[NetBehaviour] Furtherfield in Support of Ada Lovelace Day

Aileen Derieg a.derieg at eliot.at
Sat Mar 28 16:45:22 CET 2009

Although I wrote a short blog post about my grandmother on our family blog for 
Ada Lovelace Day earlier this week, I am happy to take advantage of Ruth and 
Marc's invitation to mention some of the women who have inspired and 
encouraged me - this is the short version in comparison with what has been 
going through my mind:

My name: Aileen Derieg
I work as a translator with an emphasis on Contemporary Art and New Media.
My web site: http://eliot.at

Inspired by:

Judith Butler
Again and again, reading Judith Butler's books has helped me to feel not quite 
so powerless in a world that I do not agree with. The way she questions 
things that seem to be taken for granted, proposing radically different ways 
of understanding the world that make so much more sense – her books are 
certainly among the most important I have read in my life.

Faith Wilding
A description I read many years ago as a young student of Faith 
Wilding's "Invitation to a Burning" was what first captured my attention and 
awakened my interest in Faith and her work. Years later I was even more 
impressed to realize how she had continued to develop and evolve her work and 
ideas. When I first joined the Faces mailing list in the late 90s, I nearly 
fell off my chair when the first response to my introduction was a personal 
welcome from Faith. Having admired and looked up to this woman for so long, I 
was deeply touched by her response.
A few years ago, in the midst of a conflict, when I was feeling sad and low, I 
was standing at a window looking down on an empty space, which made me think 
of "Invitation to a Burning" again. I wrote to Faith then and told her how 
sad I felt, how I missed the kind of exhilarating actions that have meanwhile 
become part of art history. I was very grateful for and encouraged by her 
response. To me, she is not only a fascinating and inspiring artist and an 
intelligent and thoughtful writer, but also a wise woman.

Margarete Jahrmann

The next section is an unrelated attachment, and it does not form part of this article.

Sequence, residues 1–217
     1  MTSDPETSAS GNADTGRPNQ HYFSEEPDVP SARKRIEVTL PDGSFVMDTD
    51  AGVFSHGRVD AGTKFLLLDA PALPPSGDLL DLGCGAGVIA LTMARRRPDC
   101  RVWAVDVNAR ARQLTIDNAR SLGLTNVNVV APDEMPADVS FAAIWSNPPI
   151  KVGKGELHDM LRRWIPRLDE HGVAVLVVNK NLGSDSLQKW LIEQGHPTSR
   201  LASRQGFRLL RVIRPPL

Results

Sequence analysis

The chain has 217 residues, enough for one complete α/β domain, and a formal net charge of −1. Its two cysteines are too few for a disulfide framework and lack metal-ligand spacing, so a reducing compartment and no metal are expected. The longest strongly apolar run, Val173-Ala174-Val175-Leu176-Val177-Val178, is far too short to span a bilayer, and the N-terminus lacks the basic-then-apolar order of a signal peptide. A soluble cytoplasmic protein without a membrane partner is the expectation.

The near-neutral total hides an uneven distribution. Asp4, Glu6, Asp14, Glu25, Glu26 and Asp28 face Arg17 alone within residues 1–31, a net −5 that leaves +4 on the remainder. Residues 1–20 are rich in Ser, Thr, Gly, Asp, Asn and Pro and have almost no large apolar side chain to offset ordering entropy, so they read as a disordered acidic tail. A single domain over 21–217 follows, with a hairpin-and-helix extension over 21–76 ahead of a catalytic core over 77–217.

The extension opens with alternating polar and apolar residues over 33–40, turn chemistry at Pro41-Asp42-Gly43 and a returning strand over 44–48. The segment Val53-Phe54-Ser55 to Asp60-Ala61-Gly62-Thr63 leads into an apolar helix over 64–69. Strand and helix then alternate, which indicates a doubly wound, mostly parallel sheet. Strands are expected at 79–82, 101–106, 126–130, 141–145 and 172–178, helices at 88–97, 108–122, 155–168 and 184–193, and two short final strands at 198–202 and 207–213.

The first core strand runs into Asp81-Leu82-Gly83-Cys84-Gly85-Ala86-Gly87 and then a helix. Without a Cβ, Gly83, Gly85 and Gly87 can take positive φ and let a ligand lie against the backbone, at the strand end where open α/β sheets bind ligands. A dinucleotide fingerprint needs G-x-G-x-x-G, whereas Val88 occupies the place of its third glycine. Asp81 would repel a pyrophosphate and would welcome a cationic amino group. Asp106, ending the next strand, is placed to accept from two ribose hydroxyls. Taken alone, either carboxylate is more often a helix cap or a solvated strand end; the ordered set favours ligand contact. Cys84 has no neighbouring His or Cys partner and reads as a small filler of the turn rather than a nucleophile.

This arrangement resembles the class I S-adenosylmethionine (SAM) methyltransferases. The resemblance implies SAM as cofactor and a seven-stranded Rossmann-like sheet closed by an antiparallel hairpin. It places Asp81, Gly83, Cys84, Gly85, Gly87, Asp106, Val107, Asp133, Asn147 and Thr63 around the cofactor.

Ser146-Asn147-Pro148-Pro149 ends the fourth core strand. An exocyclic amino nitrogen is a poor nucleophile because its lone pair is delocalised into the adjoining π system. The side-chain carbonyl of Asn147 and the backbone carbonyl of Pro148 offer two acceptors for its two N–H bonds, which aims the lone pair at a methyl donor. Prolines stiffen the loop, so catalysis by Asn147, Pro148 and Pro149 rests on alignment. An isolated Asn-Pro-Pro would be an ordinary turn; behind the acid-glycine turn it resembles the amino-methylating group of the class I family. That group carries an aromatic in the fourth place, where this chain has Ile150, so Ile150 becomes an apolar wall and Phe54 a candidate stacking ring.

I first became aware of Margarete through the "Poptarts" section of Telepolis 
that she and Kathy Rae Huffman were responsible for, so I think in many ways 
Margarete was really the one who first introduced me to the possibilities of 
feminist digital art. What I especially love about her work is the way all 
the many layers are ultimately transparent. Even though some of her writing 
may appear confusing at first glance, there is a depth and fundamental 
coherence to it that I find fascinating. As engaging as her work is at a 
first look, as often as I come back to it and look again, I invariably find 
there is always even more to it.

Amy Alexander
Like Margarete, Amy is someone I admired first, long before I had the pleasure 
of becoming personally acquainted with her. The first time I heard of Amy's 
work was when she received an Honorary Mention in the Prix Ars Electronica 
for the "Multicultural Recycler". When we later met through the Faces mailing 
list, I thoroughly enjoyed her sense of humor and her delightfully geeky 
interests. As we have stayed in contact since then, this is what I continue 
to especially appreciate and enjoy. What I love about Amy's work is the way 
the humor, the not-so-serious view of things, is rooted in a very serious and 
well founded understanding of the issues at stake. She has an amazing ability 
to grasp complex issues and condense them into concise and witty statements.

Paula Graham
Some years ago there was an interesting thread on the Linuxchix "issues" 
mailing list about how the women subscribed to the list became involved in 
computing. All the stories were wonderful to read, but the one that 
completely blew me away was Paula Graham's. Not very long after that, I had 
the great pleasure of meeting Paula at the Eclectic Tech Carnival in Graz, 
and she has been very high on my personal list of most admired women ever 
I'm not sure whether Paula actually invented the term "accidental techie", but 
she is certainly the person I learned it from, meaning that when any kind of 
group reaches the point where they need to use technology, *somebody* has to 
figure out how to do it. Paula is most insistent about convincing other women 
to be self-confident and self-reliant enough – no matter what their 
background – to become that *somebody*. One of the most important lessons I 
have learned from Paula is that women don't always need to be "nice", and 
that can be quite a liberating insight.

In so many words: http://eliot.at

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